Yoshikatsu Kawaguchi (川口 能活, Kawaguchi Yoshikatsu, born 15 August 1975), sometimes referred to as Yoshi Kawaguchi, is a former Japanese football goalkeeper. He is a former captain of the Japan national team.
Kawaguchi with Júbilo Iwata in 2010
|Full name||Yoshikatsu Kawaguchi|
|Date of birth||15 August 1975|
|Place of birth||Fuji, Shizuoka, Japan|
|Height||1.80 m (5 ft 11 in)|
|1991–1993||Shimizu Commercial High School|
|1994–2001||Yokohama F. Marinos||193||(0)|
|* Senior club appearances and goals counted for the domestic league only|
Born in Fuji, Shizuoka Prefecture, Kawaguchi studied at Shimizu Commercial High School and was a member of the football team there. After finishing high school, he joined the professional football team Yokohama Marinos (later Yokohama F. Marinos). He was called up to the Japanese national team and played in the Atlanta Olympic games. He kept a clean sheet against Brazil in the first game. He played in Japan's first ever World Cup game in 1998 in a 1–0 defeat to Argentina. In 2001, Kawaguchi was Japan's first-choice goalkeeper as the team finished runner-up in the Confederations Cup.
Following impressive performances for both club and country, he moved to English club Portsmouth, signing for a club record £1.8m. However, he struggled to adapt to life in the English Football League, and struggled with the physical side of the First Division, notably in a 3–1 away defeat to Grimsby Town. Kawaguchi lost his place to veteran Dave Beasant after being held responsible for Portsmouth's 4–1 home defeat to underdogs Leyton Orient in the FA Cup. Despite his poor performances for Pompey he remained something of a cult hero with the fans, on account of his cheerful demeanour, and his insistence that he would work hard to regain his place. After a season of playing reserve team football, he made his final appearance for Portsmouth in the final game of the 2002–03 Football League First Division championship winning season, coming on at half time to a standing ovation in the 5–0 win against Bradford City. Despite this brief reappearance, he realised that his future lay elsewhere, and moved on to Nordsjælland of the Danish league. Prior to the 2005 Japanese football season, Kawaguchi returned to his home country when he signed with then-perennial title-contenders Júbilo Iwata.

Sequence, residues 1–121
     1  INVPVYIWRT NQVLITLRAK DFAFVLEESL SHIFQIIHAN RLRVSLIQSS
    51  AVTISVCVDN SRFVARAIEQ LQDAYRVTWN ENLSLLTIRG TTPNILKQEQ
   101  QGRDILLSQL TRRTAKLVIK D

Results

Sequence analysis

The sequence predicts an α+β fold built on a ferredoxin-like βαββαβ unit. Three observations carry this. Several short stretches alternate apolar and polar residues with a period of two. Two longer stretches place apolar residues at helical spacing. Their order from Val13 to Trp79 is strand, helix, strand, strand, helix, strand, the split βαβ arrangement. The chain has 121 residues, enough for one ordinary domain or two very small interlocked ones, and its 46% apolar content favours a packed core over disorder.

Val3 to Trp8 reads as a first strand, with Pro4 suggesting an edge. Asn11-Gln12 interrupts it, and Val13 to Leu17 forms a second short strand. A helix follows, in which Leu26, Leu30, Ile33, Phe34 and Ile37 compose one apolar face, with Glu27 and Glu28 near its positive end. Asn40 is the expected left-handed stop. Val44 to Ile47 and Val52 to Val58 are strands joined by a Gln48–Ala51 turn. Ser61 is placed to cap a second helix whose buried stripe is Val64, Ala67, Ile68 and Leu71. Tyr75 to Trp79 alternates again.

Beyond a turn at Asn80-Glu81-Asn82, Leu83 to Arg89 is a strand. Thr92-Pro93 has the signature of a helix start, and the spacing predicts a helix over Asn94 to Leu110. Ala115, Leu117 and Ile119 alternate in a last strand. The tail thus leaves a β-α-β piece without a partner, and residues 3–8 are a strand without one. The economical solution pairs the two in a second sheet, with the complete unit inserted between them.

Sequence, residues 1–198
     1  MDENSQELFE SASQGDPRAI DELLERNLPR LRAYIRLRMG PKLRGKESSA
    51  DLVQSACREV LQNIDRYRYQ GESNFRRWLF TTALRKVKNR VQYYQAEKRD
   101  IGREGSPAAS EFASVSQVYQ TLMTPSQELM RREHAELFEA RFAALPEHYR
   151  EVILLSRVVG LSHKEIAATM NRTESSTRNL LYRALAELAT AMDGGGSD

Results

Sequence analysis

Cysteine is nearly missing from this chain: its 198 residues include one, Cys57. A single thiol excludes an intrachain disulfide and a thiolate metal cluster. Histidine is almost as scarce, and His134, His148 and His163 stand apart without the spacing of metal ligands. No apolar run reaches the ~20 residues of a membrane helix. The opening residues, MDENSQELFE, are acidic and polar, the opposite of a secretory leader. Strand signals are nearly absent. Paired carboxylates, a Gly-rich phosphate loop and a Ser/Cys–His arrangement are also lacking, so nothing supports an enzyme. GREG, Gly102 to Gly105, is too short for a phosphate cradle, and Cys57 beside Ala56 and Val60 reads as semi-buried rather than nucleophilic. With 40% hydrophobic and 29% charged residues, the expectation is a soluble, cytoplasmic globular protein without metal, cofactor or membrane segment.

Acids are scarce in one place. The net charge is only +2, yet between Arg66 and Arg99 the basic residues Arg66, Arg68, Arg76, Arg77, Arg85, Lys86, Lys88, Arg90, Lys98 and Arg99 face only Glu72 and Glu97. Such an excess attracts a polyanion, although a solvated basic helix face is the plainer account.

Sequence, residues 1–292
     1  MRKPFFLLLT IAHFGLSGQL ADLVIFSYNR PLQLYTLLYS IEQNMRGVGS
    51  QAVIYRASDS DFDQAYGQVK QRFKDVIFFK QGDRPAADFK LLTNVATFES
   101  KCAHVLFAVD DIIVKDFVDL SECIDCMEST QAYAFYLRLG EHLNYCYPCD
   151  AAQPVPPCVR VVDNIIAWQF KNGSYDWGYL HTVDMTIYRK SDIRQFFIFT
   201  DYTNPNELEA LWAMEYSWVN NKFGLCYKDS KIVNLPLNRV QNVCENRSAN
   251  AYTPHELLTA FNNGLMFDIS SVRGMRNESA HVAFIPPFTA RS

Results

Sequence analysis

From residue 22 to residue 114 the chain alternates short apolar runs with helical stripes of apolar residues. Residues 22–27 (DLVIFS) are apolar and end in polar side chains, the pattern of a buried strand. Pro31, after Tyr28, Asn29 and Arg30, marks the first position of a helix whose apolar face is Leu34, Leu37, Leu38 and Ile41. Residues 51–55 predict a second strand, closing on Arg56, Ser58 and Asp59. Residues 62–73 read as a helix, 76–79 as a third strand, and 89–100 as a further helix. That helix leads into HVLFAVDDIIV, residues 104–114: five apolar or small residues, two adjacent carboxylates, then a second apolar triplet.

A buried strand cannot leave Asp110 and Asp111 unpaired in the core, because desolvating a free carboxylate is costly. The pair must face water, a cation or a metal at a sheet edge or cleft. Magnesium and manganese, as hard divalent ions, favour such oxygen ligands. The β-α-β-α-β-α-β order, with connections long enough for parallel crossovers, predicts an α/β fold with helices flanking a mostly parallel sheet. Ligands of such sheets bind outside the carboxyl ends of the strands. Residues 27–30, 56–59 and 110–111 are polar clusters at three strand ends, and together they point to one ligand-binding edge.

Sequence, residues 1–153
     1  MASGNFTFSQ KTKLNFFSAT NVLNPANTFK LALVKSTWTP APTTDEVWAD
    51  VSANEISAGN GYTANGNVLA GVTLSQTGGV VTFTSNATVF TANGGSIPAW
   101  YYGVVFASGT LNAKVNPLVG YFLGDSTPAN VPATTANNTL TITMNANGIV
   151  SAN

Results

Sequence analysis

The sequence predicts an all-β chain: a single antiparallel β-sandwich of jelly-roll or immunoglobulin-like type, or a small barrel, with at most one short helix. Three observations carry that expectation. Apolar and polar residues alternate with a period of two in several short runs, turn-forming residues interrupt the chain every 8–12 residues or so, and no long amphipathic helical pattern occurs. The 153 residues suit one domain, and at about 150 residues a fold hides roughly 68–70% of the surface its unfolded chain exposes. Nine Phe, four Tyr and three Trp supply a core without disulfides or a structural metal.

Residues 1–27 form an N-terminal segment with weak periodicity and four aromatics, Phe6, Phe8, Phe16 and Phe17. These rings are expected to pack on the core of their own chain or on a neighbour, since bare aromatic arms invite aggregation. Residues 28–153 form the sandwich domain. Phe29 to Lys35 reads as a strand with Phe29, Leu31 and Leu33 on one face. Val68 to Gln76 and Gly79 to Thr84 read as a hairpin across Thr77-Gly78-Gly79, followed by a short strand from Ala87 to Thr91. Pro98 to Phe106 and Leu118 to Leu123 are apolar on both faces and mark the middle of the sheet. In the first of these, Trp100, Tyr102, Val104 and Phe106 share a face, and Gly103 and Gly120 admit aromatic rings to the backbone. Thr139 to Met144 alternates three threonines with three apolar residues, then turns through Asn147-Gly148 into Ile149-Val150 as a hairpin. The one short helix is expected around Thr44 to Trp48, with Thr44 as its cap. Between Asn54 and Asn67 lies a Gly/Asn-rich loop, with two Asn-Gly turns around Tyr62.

Kawaguchi is a noted penalty stopper, making two saves in the shootout against Jordan in the 2004 Asian Cup quarter-final and also saving from Croatia's Darijo Srna in the 2006 World Cup. During the 2007 Asian Cup he was instrumental in Japan's quarter-final win against Australia making two saves from Harry Kewell and Lucas Neill in the penalty shootout, thus making him the Man of the Match.
In August 2006, it was revealed that he would wear the captain's armband, as new Japan manager Ivica Osim believed that former captain Tsuneyasu Miyamoto was not getting enough playing time at his domestic club, Gamba Osaka. Kawaguchi is his country's most-capped goalkeeper and overall third most-capped player with 116 caps for Japan, six behind second-placed Masami Ihara with 122 caps, but an injury had since sidelined him from action. Long-time rival Seigo Narazaki had since been playing as first-choice keeper for Japan.
A broken leg sustained in a J1 League clash against Kyoto Sanga FC appeared to have sidelined him for the rest of the season thus ruling him out of the 2010 World Cup. However, after making a full and quick recovery Japanese head coach Takeshi Okada decided to include him in the final squad announced on 10 May 2010. Kawaguchi was one of two Japanese players (the other being Seigo Narazaki) to be named for their national team's 4th consecutive World Cup. Despite his period of inactivity and having fallen to third in the pecking order, Okada selected him in the hope that his leadership and experience would aid the team's progress. Kawaguchi was appointed captain of the national team during team training on 21 May 2010.
Kawaguchi was not picked to play for the national team under coach Alberto Zaccheroni, and with youngster Eiji Kawashima impressing in Japan's 2011 Asian Cup success, the Yokohama-born custodian's international career was effectively over.
|Club performance||League||Cup||League Cup||Continental||Total|
|Japan||League||Emperor's Cup||J.League Cup||Asia||Total|
|1994||Yokohama Marinos||J1 League||0||0||0||0||0||0||—||0||0|
|1999||Yokohama F. Marinos||J1 League||28||0||2||0||6||0||—||36||0|
|England||League||FA Cup||League Cup||Europe||Total|
|Denmark||League||Danish Cup||League Cup||Europe||Total|
|Japan||League||Emperor's Cup||J.League Cup||Asia||Total|
|2005||Júbilo Iwata||J1 League||29||0||3||0||1||0||1||0||34||0|
|2014||FC Gifu||J2 League||37||0||0||0||—||—||37||0|
|2016||SC Sagamihara||J3 League||19||0||0||0||—||—||19||0|
|Japan national team|
Yokohama F. MarinosEdit
- "Football focus: Tall order for Kawaguchi as Portsmouth seek eastern promise". The Daily Telegraph. 29 September 2001. Retrieved 26 December 2012.
- "Kawaguchi receiving home interest". Sky Sports. Retrieved 27 October 2013.
- "Stats Centre: Yoshikatsu Kawaguchi Facts". Guardian.co.uk. Archived from the original on 10 June 2012. Retrieved 22 June 2009.
- Mamrud, Roberto. "Yoshikatsu Kawaguchi - Century of International Appearances". RSSSF. Archived from the original on 6 July 2009. Retrieved 22 June 2009.
- Captain Kawaguchi[permanent dead link]
- Nippon Sports Kikaku Publishing inc./日本スポーツ企画出版社, "J1&J2&J3選手名鑑ハンディ版 2018 (NSK MOOK)", 7 February 2018, Japan, ISBN 978-4905411529 (p. 266 out of 289)
- Nippon Sports Kikaku Publishing inc./日本スポーツ企画出版社, "2016J1&J2&J3選手名鑑", 10 February 2016, Japan, ISBN 978-4905411338 (p. 257 out of 289)
- "Archived copy". Archived from the original on 6 July 2009. Retrieved 22 June 2009.CS1 maint: archived copy as title (link)
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